While Apple has designed its own processor to power the recently-launched iPad tablet PC, Tom Kilroy, Intel senior vice president and general manager of sales and marketing, said there could be opportunities for Intel in future versions of the iPad.
“They’ve got their product to market right now, and it doesn’t include an Intel chip,” Kilroy said at the Reuters Global Technology Summit in San Francisco on Wednesday.
But, he said, “it would never be like Intel to not want to go discuss and engage Apple to win their business in another intercept point at some point down the road.”
Kilroy also said that demand for PCs in emerging economies was changing the business landscape, with Brazil on track to become the third largest market for PCs behind the United States and China by the end of the year, according to Intel’s estimates.
“It could be as early as this year, but even if it’s the end of 2011 or the middle of 2011, that’s a significant step forward in terms of both consumer users as well as business,” said Kilroy about the growth in PC demand in Brazil.
Intel is the world’s largest chipmaker and makes the microprocessors that are used in more than three quarters of the world’s PCs.
Kilroy would not break out the difference in the average selling prices of the PC processors that it sells in Brazil compared to prices in more established markets like Europe. But he said that consumers in Brazil were very active in Internet activities like social networking that require PCs with enough processing horsepower to upload and view videos and photos.
“I would say at this point in time -- Brazil, when I look at my ramp of my new Core (microprocessor) products, is very healthy as well,” said Kilroy.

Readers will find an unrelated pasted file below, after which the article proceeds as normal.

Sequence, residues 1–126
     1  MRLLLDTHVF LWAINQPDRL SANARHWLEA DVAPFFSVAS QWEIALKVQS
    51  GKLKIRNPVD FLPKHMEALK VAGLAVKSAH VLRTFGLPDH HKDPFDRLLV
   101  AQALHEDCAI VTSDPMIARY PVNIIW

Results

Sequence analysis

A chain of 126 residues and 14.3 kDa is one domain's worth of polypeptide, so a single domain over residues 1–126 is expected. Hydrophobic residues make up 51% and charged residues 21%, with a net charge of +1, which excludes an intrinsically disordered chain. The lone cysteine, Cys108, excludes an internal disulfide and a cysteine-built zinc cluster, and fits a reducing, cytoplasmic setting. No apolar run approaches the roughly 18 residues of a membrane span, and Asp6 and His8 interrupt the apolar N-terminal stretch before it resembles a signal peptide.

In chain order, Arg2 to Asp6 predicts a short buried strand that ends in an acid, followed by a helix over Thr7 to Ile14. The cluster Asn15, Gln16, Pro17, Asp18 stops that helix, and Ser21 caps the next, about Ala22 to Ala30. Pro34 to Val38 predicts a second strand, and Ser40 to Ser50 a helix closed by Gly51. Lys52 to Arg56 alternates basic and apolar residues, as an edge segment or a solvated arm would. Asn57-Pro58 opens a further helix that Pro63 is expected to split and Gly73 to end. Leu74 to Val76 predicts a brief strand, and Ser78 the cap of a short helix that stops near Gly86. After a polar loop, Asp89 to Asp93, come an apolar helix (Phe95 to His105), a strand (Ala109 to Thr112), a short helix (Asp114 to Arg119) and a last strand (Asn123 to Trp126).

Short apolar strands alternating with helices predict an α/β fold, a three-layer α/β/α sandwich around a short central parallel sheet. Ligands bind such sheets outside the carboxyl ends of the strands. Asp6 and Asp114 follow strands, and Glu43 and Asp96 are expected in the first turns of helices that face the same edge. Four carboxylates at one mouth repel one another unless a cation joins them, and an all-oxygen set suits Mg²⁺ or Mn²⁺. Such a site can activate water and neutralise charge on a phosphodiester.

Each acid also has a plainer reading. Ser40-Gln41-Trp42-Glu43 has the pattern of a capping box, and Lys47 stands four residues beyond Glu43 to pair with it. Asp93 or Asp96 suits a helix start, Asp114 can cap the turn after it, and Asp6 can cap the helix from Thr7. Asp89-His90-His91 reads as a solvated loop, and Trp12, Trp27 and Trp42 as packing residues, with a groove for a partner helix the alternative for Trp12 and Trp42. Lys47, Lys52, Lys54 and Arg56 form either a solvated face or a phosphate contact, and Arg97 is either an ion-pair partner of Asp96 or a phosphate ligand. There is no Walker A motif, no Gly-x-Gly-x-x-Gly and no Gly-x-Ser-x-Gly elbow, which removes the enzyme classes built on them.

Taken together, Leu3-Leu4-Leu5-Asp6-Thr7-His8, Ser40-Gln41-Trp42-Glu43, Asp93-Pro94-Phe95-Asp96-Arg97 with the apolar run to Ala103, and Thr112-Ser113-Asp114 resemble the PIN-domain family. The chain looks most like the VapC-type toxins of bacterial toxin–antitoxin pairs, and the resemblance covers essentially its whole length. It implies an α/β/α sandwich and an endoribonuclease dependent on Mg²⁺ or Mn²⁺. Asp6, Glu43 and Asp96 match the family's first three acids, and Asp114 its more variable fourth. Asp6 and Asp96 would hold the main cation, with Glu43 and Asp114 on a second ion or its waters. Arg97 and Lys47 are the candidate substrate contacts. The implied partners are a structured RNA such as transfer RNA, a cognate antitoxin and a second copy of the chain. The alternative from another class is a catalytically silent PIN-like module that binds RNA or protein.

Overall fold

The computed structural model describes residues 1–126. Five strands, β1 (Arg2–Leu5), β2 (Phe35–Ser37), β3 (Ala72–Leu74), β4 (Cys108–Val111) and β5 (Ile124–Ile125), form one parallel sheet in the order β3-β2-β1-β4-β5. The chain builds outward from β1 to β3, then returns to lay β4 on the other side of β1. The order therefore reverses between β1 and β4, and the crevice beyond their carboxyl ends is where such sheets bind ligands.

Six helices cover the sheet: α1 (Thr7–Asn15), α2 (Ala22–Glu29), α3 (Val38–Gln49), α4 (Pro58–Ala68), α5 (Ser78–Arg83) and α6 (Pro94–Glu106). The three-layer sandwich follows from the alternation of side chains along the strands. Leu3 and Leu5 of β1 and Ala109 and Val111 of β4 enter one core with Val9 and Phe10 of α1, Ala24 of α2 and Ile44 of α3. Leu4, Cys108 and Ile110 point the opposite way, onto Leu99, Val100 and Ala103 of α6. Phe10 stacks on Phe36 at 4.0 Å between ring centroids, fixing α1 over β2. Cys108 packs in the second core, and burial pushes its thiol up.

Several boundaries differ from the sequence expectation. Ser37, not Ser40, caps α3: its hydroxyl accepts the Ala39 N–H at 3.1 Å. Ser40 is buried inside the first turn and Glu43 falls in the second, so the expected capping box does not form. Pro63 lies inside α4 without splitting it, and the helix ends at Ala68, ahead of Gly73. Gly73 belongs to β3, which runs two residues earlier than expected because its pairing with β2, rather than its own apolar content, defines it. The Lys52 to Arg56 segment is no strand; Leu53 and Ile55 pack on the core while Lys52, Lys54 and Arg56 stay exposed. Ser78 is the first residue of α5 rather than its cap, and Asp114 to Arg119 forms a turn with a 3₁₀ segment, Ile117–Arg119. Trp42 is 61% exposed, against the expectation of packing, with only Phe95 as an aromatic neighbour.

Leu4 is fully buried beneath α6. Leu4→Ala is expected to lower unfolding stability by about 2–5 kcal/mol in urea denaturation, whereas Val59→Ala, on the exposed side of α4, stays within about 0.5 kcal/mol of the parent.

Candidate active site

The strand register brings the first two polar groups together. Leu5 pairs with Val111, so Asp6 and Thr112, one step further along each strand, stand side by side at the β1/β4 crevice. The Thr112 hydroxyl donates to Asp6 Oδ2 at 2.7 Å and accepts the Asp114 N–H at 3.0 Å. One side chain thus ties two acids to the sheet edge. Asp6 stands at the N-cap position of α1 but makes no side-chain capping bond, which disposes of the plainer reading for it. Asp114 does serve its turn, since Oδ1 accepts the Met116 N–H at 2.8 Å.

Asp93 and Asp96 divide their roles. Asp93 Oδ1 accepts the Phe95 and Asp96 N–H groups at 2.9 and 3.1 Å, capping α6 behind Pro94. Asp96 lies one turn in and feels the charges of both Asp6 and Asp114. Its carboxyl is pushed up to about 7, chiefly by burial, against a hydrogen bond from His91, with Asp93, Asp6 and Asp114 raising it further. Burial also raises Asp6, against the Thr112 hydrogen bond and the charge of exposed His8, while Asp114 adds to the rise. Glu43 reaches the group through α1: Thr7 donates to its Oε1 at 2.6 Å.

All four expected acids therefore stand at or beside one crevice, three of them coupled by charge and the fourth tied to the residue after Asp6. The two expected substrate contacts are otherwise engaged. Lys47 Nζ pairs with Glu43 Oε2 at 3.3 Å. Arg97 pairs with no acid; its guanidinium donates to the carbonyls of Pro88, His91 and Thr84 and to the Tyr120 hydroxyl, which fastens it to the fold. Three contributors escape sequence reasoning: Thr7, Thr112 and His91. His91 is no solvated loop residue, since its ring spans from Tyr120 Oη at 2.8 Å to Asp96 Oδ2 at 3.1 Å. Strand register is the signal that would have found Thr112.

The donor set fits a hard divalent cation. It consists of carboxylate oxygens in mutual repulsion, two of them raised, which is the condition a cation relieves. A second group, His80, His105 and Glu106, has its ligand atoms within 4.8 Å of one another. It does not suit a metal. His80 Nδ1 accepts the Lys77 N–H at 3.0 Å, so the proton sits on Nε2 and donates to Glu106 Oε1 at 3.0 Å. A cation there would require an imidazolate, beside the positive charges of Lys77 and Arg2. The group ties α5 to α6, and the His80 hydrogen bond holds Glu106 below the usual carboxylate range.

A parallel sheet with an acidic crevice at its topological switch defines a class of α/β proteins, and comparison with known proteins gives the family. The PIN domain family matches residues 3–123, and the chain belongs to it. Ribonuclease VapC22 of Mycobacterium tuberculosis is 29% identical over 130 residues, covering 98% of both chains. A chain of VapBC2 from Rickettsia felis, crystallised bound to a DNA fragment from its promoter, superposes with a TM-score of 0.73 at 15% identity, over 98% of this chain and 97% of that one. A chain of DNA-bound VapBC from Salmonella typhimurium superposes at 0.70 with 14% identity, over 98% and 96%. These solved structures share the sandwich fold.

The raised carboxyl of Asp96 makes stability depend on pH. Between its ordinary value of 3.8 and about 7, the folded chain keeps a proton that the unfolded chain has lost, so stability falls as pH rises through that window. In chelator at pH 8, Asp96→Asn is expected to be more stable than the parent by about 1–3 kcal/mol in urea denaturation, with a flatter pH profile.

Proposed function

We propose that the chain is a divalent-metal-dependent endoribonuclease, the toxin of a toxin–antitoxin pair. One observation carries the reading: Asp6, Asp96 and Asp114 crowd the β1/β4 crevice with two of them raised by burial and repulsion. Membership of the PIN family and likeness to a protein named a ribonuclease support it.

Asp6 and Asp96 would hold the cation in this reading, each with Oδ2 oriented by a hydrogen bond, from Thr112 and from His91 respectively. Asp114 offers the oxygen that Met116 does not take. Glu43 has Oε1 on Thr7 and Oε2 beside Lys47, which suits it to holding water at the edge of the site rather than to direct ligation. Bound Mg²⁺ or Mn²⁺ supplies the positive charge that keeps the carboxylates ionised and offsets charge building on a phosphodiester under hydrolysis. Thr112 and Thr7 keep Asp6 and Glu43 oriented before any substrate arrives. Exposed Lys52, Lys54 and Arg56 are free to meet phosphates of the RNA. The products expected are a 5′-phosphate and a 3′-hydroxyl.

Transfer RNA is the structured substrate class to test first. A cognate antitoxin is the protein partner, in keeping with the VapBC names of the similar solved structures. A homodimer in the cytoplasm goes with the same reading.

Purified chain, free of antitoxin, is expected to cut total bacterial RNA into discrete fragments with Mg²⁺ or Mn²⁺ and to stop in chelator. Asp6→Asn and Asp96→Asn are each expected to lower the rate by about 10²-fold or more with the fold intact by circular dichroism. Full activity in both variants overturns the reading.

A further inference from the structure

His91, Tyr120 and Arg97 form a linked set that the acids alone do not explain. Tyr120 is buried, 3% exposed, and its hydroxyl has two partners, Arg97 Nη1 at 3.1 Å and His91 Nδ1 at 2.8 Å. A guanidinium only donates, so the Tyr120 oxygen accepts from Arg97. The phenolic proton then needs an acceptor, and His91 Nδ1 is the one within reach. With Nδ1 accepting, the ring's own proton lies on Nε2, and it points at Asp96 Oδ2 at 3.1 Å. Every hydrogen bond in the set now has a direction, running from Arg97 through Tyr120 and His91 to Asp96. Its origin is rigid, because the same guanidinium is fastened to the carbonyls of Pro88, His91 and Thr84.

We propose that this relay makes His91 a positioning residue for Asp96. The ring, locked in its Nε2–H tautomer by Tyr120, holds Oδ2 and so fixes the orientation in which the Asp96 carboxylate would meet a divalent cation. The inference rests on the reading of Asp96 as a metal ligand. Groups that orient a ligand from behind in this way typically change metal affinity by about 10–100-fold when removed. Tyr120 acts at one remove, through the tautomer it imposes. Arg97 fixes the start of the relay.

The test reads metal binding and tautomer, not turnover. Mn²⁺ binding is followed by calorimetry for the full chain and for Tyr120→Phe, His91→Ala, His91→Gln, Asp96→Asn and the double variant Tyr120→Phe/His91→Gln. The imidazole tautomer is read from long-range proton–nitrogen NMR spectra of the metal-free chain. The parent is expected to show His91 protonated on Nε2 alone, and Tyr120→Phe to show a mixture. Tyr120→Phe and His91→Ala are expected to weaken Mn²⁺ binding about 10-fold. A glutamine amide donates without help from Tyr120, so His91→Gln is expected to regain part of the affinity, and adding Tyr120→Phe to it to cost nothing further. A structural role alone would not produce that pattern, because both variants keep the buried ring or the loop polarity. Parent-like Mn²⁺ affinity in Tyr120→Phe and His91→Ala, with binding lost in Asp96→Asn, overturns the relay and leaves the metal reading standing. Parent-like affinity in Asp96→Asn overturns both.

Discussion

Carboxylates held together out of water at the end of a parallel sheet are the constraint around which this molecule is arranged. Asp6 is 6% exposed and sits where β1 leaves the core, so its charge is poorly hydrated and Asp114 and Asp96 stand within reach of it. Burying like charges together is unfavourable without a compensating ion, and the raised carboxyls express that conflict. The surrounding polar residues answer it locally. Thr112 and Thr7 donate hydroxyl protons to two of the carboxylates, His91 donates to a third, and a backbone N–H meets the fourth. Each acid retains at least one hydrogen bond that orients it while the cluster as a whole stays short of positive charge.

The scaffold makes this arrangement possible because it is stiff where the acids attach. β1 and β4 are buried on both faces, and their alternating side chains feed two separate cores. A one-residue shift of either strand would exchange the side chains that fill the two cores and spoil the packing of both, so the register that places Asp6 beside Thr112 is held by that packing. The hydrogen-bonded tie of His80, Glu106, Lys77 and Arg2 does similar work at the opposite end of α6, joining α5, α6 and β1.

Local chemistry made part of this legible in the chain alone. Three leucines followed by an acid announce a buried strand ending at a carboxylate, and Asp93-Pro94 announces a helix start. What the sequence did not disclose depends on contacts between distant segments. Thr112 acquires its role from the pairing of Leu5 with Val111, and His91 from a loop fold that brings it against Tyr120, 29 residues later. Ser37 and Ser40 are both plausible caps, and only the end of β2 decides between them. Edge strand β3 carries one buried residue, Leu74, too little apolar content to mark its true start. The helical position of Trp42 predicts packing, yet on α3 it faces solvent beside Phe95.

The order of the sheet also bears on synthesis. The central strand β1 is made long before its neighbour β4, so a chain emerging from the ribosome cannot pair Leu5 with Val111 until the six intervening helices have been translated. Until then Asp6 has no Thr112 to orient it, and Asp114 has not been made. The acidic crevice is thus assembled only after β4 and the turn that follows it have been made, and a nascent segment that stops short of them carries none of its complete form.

He added that Intel expects China to potentially overtake the United States as the world’s largest market for PCs by 2014.
Intel was among the first tech companies to call a bottom to the economic downturn, and last month reported sales and profit that beat Wall Street expectations for the first quarter.
The chipmaker said at its annual analyst-day briefing last week that while the company is keeping an eye on the financial crisis in parts of Europe, nothing has transpired that would cause the company to change its guidance for the second quarter.
Kilroy said there was no update to the statement about the impact of Europe on Intel’s business, but noted that the diversification of the PC industry makes Intel less affected by developments in any one region.
“It’s not so much like maybe it was like five or ten years ago when so goes U.S. retail or European retail so goes the business,” he said.
In recent years Intel has developed a new line of Atom processors designed for mobile gadgets like smartphones and the emerging breed of tablet PCs.
Unlike in the PC market, where Intel's microprocessors are dominant, the mobile device market is crowded with strong competitors like Texas Instruments Inc TXN.N and Qualcomm Inc QCOM.O, which make chips based on ARM Holdings Plc ARM.L designs and architecture.
In the near term, Kilroy said that Intel’s new generation of Atom processor, dubbed Moorestown, is well-suited to establish a foothold for Intel in forthcoming tablets from other computer makers.
“It’s a broader market than just Apple,” he said.
“Wait until Computex and I think you’re going to see that there’s an industry out there that’s got an appetite to go play and there will be certainly a good opportunity for us with our partners to participate as well,” said Kilroy, referring to the Computex trade show in Taipei in June.
Reporting by Alexei Oreskovic, editing by Bernard Orr
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